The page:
On a freshly installed EC2:

  1. The Security Group is default. "All Traffic" is ALLOWed for for both Inbound and Outbound.

  2. The "Network ACL" has some limitations for inbound as we want our website on this domain to be an internal network for our charity organisation. But from this server, we want to install some things via SSH so we need wget and curl. So the Outbound is also

    100 ALL Traffic ALLOW

    • ALL Traffic DENY

That last "DENY" is added by default.

With these settings, which seems to be quite normal, what else am I missing? Note that all iptables rules are flushed, and we do not use iptables to the best of my knowledge. All firewall stuff is managed by the Amazon VPC security settings.

Any thoughts or pointers? Thank you.

  • Just to add, we cannot ping or tracert or anything. – Khom Nazid Oct 11 '15 at 9:50
  • 1
    You've done it backwards. Allow the desired access to your site via inbound security group (deny is implicit for everything not allowed) and put the network ACLs back to the "allow all" defaults in both directions. NACL is stateless, low-level, advanced functionality and almost certainly isn't doing what you think it does in the way you expect. – Michael - sqlbot Oct 11 '15 at 18:33
  • I had the same issue where I could not make any outbound requests and turned out that having the inbound NACL rules set to same as security group rules was the culprit. I just set NACL Inbound to allow all and left the desired rules on the security group and was able to make outbound requests from box normally again. – GameSalutes May 18 '19 at 17:24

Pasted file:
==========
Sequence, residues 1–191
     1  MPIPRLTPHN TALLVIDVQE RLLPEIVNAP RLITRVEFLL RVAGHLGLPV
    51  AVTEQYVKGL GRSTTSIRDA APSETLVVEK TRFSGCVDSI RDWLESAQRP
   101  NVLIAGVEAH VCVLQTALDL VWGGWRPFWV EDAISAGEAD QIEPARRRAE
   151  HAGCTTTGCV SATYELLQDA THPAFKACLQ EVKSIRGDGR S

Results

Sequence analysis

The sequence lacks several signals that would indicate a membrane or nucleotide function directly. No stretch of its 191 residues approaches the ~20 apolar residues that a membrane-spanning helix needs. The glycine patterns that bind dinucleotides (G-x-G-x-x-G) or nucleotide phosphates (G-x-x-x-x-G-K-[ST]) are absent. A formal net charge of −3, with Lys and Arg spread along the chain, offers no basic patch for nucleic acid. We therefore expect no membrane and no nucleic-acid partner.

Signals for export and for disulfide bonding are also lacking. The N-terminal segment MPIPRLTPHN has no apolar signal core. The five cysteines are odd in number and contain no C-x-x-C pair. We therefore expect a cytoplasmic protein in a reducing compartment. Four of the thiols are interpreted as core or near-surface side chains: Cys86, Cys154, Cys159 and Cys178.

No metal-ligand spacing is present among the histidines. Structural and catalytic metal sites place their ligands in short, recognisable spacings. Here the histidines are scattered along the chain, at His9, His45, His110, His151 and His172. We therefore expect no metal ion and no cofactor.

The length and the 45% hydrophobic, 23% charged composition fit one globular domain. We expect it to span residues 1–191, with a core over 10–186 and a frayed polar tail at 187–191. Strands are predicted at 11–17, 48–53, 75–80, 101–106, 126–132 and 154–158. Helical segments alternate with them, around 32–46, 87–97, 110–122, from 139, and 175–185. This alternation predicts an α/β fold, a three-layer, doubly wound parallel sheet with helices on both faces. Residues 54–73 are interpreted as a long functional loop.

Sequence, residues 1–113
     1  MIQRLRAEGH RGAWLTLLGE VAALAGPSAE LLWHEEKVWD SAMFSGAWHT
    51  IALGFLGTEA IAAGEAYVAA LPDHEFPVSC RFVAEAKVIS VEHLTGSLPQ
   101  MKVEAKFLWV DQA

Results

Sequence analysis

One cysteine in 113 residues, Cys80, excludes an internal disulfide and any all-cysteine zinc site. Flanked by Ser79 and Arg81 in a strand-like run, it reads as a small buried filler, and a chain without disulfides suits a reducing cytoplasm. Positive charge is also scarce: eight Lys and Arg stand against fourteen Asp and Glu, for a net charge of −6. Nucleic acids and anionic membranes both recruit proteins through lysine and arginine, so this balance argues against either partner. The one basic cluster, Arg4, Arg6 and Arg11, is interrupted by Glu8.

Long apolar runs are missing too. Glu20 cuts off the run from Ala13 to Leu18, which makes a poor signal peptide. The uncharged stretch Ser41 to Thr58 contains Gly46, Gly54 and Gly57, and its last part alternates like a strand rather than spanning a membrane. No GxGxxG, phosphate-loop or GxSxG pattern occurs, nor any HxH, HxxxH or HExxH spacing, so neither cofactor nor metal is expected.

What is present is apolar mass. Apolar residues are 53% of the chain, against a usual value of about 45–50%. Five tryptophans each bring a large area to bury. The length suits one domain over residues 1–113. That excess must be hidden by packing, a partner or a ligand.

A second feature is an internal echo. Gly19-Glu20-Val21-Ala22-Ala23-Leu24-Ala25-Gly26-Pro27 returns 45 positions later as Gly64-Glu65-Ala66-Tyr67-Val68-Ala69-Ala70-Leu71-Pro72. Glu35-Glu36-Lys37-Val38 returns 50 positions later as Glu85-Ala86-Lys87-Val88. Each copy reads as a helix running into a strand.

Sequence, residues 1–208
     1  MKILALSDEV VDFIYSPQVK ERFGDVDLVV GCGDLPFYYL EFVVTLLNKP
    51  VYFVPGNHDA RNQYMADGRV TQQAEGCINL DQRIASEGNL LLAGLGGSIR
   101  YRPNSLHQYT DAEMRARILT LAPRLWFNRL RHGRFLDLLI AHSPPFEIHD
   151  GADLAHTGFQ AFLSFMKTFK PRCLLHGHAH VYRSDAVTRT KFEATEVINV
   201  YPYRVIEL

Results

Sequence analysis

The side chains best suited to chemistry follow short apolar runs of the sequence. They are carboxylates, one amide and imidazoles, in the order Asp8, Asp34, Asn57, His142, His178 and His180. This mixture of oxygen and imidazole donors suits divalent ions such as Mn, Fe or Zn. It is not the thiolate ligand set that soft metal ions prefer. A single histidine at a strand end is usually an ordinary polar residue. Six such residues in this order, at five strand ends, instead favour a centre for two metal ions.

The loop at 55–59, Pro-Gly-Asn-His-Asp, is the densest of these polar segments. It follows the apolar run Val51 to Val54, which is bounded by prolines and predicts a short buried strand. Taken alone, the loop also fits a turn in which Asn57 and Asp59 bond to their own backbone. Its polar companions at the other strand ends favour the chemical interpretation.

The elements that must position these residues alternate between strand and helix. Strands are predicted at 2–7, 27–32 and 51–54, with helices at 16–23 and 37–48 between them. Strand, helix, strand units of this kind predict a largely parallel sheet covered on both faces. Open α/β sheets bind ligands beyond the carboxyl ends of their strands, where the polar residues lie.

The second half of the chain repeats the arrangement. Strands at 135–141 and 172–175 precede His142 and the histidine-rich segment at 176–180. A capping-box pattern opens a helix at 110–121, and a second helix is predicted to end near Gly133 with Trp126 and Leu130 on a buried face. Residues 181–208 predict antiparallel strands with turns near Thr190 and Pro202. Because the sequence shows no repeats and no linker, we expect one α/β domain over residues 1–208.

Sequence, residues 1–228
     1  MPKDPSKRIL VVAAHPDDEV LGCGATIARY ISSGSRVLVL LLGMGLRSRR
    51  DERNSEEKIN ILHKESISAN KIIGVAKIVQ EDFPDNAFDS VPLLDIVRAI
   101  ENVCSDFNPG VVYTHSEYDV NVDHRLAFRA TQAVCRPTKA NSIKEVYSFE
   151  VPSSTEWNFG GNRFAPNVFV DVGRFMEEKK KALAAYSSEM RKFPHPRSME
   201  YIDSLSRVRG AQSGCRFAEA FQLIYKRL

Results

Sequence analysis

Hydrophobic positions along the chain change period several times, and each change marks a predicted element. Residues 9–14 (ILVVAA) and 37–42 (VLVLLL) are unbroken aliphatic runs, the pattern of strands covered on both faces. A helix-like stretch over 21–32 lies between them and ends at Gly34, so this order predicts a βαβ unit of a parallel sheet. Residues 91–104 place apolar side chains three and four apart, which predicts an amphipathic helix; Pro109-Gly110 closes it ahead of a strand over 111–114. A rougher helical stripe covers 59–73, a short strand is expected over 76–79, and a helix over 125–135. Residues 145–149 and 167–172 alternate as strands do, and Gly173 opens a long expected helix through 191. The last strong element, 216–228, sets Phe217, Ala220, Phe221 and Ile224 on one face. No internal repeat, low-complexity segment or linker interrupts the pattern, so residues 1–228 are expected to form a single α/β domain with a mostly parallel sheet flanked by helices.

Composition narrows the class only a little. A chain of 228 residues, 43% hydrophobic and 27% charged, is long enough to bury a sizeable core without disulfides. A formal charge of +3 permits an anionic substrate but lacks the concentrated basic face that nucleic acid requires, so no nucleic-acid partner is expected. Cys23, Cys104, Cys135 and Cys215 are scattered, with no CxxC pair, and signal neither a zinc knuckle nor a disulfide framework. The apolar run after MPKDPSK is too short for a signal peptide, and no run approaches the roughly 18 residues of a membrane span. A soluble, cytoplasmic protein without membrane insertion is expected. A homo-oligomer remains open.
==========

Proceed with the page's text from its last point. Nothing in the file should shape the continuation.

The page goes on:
It appears that you are able to connect to your instance (via ssh or RDP), but you cannot access Internet resources from the instance. If so, things to check are:

  • Inbound Security Group: Not relevant (but probably OK since you are able to connect to the instance)
  • Outbound Security Group: Allow
  • Network Access Control Lists (NACLs): Start by allowing all traffic in & out to get things working, then limit them later per requirements. This is the default setting, too (as you listed, above)
  • Assign a public IP address (either when launching, or as an Elastic IP Address). If you are able to connect to the instance, then this is fine.
  • Launch the instance in a Public Subnet, which means the subnet has a rule in the Route Table that directs traffic to the Internet Gateway (if you are able to connect to the instance, then this is fine)

The fact that you can connect INWARDS suggests that your network settings are all correct. Being unable to initiate an OUTWARDS connection is normally due to an Outbound Security Group setting.

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